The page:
In David Grossman’s award-winning novel A Horse Walks into a Bar, the narrator, a retired judge, describes one night in the life of the protagonist, Dovaleh, a stand-up comedian in his late fifties and his lost childhood friend. On this particular night, in a smoky comedy club in a peripheral Israeli city, the narrator has come at the protagonist’s behest not just to watch him perform, but to look at him—really look at him—and tell the comedian what he sees.
When asked if he is wishing to be sentenced, the comedian replies with a startled no. He only wants the judge to tell him what that unique quality is, that something as-of-yet undefined he emanates, which is truly and utterly his own.
But as the night veers further away from any typical definition of comedy, it becomes obvious that identifying a person’s singular quality is always a sentencing, or a diagnosis. As the jokes grow fewer and farther between, Dovaleh reveals more intimate details about his life, unraveling the story of his childhood and youth. Some members of the audience buckle and protest. Others lean in, mesmerized. His dual role as the protector and saboteur of his parents’ hearts leaves his narrator, his audience, and the readers wondering: what is the most defining quality of this man? Is he mostly good or mostly bad? What is his bottom line?
The writing flies off the page, almost forcing the reader to rush ahead, not allowing for any pauses to catch one’s breath. The voices of Grossman and of his translator, Jessica Cohen (who is shortlisted for the PEN Translation Prize, and with whom he has shared the Man Booker Award) merge together to create a roller coaster of shame, pain, and dark memories. I was swept up in it. I felt like I was there.
And I was there. The book has been adapted into an Israeli play that is now touring the world. I was lucky enough to attend one of the shows, to sit in a small theater designed to resemble a derelict comedy club, where I got to act out the role of the fictional audience, sitting among some of the other actors and watching the lead actor crash and burn on stage. Much like the style of the book, the acting was fast, breathtaking, sweeping the audience between laughter and tears so frequently that we ended up breathless. We later learned that the original director had died unexpectedly three weeks into rehearsals, and that the lead actor—the irresistible Dror Keren—had taken over in his wake. Grossman himself had been intimately involved in the production, offering his assistance at all hours of the day and night.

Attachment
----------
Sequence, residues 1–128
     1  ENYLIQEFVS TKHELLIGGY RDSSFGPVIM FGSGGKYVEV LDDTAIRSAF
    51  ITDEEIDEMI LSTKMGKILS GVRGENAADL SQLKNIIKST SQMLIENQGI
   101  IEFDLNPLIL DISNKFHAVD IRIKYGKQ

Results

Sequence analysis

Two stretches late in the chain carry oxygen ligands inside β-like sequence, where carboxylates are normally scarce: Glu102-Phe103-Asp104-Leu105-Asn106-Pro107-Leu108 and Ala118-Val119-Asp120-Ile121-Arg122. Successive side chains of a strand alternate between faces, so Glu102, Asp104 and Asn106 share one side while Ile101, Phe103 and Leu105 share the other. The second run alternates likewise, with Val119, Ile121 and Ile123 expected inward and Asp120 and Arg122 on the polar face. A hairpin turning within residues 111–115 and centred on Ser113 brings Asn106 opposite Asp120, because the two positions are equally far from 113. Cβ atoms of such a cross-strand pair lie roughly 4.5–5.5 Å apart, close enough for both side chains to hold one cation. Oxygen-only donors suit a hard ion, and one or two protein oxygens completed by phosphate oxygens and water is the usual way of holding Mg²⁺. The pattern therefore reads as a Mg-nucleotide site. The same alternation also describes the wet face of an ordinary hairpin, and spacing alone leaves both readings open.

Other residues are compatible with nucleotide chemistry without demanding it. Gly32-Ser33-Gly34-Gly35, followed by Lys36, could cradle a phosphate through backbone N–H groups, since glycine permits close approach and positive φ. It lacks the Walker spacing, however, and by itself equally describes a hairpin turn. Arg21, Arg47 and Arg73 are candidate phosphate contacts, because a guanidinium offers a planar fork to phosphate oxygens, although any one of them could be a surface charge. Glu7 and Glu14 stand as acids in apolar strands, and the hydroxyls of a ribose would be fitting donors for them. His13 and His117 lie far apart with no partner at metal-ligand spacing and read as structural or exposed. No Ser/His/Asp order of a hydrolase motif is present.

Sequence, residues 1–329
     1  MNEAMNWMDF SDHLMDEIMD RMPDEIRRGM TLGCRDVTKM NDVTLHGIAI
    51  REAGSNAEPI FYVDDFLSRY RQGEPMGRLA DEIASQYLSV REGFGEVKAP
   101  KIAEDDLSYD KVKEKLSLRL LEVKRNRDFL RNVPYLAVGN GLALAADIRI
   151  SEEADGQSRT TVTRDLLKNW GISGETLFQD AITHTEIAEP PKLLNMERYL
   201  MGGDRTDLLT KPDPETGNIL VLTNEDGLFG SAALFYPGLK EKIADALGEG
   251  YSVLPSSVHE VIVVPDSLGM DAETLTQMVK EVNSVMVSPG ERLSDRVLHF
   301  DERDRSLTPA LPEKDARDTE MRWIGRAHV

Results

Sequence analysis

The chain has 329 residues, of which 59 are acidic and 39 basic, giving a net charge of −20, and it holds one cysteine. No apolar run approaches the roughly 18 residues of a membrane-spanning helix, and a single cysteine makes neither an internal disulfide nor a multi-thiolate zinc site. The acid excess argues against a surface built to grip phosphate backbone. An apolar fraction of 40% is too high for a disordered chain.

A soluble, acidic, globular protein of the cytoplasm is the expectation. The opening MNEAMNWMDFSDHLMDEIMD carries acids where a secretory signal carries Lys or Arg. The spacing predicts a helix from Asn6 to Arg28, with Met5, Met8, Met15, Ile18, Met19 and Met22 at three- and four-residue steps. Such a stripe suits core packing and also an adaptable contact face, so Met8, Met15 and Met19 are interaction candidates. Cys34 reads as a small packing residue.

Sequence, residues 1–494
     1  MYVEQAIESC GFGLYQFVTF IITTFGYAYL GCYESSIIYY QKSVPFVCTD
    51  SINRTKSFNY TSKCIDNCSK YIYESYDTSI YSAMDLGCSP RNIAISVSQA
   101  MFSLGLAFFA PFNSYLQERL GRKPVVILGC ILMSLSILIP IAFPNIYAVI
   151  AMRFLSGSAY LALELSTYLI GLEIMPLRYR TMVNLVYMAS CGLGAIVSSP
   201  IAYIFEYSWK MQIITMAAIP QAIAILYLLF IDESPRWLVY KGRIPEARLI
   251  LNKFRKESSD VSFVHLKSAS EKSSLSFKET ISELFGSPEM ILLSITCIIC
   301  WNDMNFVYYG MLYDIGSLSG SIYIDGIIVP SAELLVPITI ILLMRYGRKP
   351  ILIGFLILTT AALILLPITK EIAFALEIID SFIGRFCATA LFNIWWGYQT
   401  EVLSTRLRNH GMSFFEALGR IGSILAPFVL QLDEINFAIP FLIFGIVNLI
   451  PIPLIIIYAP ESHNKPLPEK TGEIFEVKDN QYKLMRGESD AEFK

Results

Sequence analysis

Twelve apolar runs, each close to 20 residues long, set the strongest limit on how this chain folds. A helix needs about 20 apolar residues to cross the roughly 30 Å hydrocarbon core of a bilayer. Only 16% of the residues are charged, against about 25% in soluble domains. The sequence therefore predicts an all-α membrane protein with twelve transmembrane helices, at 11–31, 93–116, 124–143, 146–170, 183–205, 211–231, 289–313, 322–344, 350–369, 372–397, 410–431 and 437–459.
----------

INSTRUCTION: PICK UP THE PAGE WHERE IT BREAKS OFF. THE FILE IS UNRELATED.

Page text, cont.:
The experience of being put to trial before a jury of unsuspecting civilians, judged by an impartial friend who has witnessed our past traumas, of revealing the rawest, most tender aspects of our being only to be reduced to a title, seems like something most of us would try to avoid at all costs. But the truth is, we put ourselves through it every day. On social media, we attempt to create a curated version of ourselves, a preconceived concept of what we think we are, or ought to be, or what others expect of us. I’ve been on Facebook for years but only recently joined Instagram. As soon as I began exploring my newest app, I began to subconsciously design my virtual persona. What kind of Instagram life would I have? Would my photos show me as a devoted mother? An eccentric writer? A slightly-out-of-shape translator? Or should I just upload whatever comes to mind and let my followers develop their own ideas about me? Would they judge me favorably if I failed to show them “the good stuff”?
Unlike the beautifully filtered world of social media, in which we aspire to formulate a cleaned up and cheerful version of our lives, posting only the happy (or at least the funny) moments, Dovaleh the comedian is adamant about sharing his darkest, ugliest side with his audience—his jury. When a member of the audience testifies in his favor, he loses his footing and urges her to leave along with those patrons who have lost their patience for his bizarre act. He has no interest in a character witness or extenuating circumstances. The filter he chose is “ugly truth” and he will not let himself get away with anything more aesthetically pleasing.
As I’ve mentioned, many members of the audience cannot stand it, leaving halfway through, sometimes even asking for their money back. But among those who stay, aversion is, with time, replaced with affection, alienation with empathy. The fictional audience (in both the book and the play) condemn the accused man for excusable behaviors and pardon his unforgivable actions. In the end, they cannot help but love him. More than that, they cannot help but justify his actions and share in his blame. In social media, the experience of such judgment has proved quite different. The fates of people and corporations can be quickly sealed by the sentencing of their Facebook, Instagram, or Twitter followers. Whether these judgments are justified or not, they are almost always hasty, all often lacking an aspect of introspection. The sentencing of another is too pleasurable and vindicating for the risk of testing ourselves for the same crimes and misdemeanors.
But comedy has a gift. Those experiencing it cannot help but feel condemned themselves. Comedy reveals that which is ugly and shameful in all of us, the comedian taking the fall for the public at large while pointing the spotlight to our shared atrocities. Those reading or watching A Horse Walks into a Bar find themselves thinking about their own traumas, their own coping mechanisms, and the pain they subsequently inflicted upon others. If we come to the club, or the theater, or our reading nook, with an open mind and heart, we can pay true attention to what they are revealing to us, in us. We can begin to change. If only the same thing happened to us before the screen.